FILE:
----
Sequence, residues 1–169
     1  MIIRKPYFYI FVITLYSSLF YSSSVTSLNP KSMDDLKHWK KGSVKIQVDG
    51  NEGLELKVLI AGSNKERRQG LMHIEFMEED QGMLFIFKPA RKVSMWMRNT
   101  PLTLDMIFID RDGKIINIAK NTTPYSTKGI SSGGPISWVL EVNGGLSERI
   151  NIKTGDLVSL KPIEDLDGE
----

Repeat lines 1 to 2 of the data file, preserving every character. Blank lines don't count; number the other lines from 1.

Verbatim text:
Sequence, residues 1–169
     1  MIIRKPYFYI FVITLYSSLF YSSSVTSLNP KSMDDLKHWK KGSVKIQVDG